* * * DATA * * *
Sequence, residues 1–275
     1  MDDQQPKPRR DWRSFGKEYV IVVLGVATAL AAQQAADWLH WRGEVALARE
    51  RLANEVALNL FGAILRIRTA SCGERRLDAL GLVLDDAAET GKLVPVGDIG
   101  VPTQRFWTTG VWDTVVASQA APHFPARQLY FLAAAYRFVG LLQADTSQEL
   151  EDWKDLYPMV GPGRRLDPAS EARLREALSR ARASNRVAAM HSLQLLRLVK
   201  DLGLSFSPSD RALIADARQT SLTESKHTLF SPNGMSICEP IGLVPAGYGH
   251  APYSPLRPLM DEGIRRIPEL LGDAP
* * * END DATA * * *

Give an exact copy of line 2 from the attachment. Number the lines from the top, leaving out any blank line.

     1  MDDQQPKPRR DWRSFGKEYV IVVLGVATAL AAQQAADWLH WRGEVALARE